After auditioning for the roles of Michael and Sonny Corleone, he was rejected on the basis those roles would be played by professional actors. But he wouldn't take no for an answer.

“I went to meet some of the mob bosses that I already knew, Costello and the one in particular Joe Colombo, because he got very involved. He was picketing the FBI building because his young son Joseph was locked up, while also protesting the book The Godfather because it denounced Italians. He didn’t want to the movie made and 100,000 people showed up in 1970 to rally against the book.

“So, I told him we could make some money if we got it made and he asked me if I could get it done and I said if he gave me permission I could go and talk to them for him.”

Russo met with producer and president of Paramount Motion Pictures Marc Evans and, Russo says, the rest is history.

Working with Brando saw the legendary actor mentoring him, even though their relationship got off to a shaky start.

“At rehearsal we were told not to have any eye contact with Mr Brando, do not approach him, do not speak to him. I was 26 years old and wanted to be in a movie, I didn’t care about him.”

However, after 45 minutes of rehearsing Brando, he says, approached him and ended up questioning his suitability for the part.

“He said, ‘you got a big movie coming out?’ I said ‘no’. He said, ‘you’re a television actor?’ I said ‘no’. Well, he says, ‘you’re not on Broadway. I know everybody on Broadway’. I says, ‘you’re right again’. He says ‘who did you study with’ and I said ‘study, study what?’

“That’s when he called Coppola over. I didn’t know the importance of Carlo. But he let me know right there and then how important it was to him and to the movie that I had to be a believable actor.

“I married his daughter, I beat her up, I get his son Sonny killed in the toll booths, set him up for the Barzanis, and get his son Michael involved in the family business that Brando’s character didn’t want.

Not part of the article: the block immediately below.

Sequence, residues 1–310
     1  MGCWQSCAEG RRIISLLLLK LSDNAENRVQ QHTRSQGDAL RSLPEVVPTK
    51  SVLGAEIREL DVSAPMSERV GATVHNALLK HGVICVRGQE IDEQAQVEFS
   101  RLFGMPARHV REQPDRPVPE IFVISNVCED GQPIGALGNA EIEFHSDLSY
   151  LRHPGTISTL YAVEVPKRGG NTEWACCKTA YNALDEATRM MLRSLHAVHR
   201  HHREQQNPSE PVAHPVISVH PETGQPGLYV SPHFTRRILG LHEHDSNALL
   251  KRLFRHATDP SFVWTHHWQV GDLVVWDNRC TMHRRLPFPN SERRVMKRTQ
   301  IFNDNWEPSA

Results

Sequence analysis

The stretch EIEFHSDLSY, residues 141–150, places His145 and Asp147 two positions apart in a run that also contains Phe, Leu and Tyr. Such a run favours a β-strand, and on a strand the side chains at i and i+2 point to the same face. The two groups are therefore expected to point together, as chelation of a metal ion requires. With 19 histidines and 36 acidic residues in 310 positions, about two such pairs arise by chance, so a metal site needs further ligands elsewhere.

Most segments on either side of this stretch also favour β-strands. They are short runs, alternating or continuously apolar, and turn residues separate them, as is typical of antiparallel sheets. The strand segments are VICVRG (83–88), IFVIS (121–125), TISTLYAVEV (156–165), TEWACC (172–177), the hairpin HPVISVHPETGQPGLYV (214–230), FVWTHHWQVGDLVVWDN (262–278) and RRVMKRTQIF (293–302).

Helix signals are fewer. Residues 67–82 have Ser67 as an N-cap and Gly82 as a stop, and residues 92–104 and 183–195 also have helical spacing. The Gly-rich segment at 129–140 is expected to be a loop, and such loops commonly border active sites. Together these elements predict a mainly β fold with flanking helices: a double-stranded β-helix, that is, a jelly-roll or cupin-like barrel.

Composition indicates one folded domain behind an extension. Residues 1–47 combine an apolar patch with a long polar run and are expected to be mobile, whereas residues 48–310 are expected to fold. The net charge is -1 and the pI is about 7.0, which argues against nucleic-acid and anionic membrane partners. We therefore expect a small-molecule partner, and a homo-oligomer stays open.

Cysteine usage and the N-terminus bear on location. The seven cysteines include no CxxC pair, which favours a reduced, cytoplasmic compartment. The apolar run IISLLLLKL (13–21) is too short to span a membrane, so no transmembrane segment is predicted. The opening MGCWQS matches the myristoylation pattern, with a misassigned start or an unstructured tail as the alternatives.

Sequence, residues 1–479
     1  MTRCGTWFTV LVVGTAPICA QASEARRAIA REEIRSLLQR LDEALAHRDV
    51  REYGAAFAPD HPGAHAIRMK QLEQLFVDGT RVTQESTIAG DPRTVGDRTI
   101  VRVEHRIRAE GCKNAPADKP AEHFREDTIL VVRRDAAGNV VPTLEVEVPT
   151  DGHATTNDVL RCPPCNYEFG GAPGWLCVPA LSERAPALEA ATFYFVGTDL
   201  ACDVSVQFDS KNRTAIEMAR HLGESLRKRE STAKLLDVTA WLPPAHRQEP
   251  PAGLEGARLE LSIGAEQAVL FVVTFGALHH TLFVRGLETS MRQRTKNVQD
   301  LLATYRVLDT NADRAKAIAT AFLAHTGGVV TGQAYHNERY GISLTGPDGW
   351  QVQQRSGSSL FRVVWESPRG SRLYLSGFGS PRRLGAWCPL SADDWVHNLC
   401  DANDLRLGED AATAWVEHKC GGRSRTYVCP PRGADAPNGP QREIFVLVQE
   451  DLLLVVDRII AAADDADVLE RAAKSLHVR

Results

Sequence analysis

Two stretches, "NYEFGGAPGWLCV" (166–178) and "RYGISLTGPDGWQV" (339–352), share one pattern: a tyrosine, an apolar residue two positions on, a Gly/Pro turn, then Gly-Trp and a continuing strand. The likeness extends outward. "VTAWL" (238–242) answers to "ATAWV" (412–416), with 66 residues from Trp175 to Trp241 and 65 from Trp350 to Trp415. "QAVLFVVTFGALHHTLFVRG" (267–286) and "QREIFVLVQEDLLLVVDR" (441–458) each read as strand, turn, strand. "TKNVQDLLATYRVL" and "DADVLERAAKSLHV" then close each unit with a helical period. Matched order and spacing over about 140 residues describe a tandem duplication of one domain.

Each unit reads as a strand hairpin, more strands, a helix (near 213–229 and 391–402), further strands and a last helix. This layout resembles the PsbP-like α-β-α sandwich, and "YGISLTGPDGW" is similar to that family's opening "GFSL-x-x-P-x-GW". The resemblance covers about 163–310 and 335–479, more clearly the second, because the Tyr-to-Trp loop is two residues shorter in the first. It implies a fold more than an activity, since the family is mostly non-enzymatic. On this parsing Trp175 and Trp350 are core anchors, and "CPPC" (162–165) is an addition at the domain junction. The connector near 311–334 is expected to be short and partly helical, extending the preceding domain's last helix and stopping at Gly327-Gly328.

“So, he told Coppola right in front of me, ‘you should rethink this. I don’t think this guy should have the part’.”

Concerned he would lose face with his mob peers and miss out on the part, he aggressively confronted Brando.

“I didn’t know protocol on the set, I told Coppola ‘go over there for a minute’. You can’t dismiss the director, and he laughed, like ‘who the hell is this guy’. Then I put my arm around Brando and I moved him to the back of the room out of ear shot of everybody else because I didn’t want to embarrass the guy.

“And I got nose-to-nose with him and said ‘let me just tell you something Mr Brando, with all due respect I know who you are, you screw this up for me, listen to me clearly, I will suck on your heart and you’ll bleed out right here.

“He looked at me and stepped back and said, ‘that was brilliant’. He thought I was kidding. I would have killed him… That was it, he loved me from that day on and we hit it off.”

They were friends until Brando died in 2004.

Russo ended up being romantically involved with Marilyn Monroe, Liza Minelli, and scores of other celebrities.

He ran a nightclub in Vegas after the movie, where he rubbed shoulders with Frank Sinatra. Russo would sing with his own trio at the club, impressing Sinatra.

“He said to me ‘you don’t sound bad. When you have time you should come out to Palm Springs and I’ll give you some lessons’. The last thing you should do is offer me something that that because I show up.”

A month later she showed up and Sinatra instructed him to submerge himself in his swimming pool, holding his breath to expand his diaphragm, to increase his capacity to hold notes.

They became friends and Sinatra ended up Christening his child.

The actor, who turns 80, is releasing a ‘rapology’ album this month, featuring rap songs about his life, the Godfather movie and Marlon Brando. The album came after he was approach by producers working for Sony Records.

His book Hollywood Godfather: My Life in the Movies and the Mob had already been a best-seller.

“So, they did this and it’s bringing a whole new audience with it,” he says.

Apart from all of that, Russo runs several businesses and has a new line of fashion out later this year.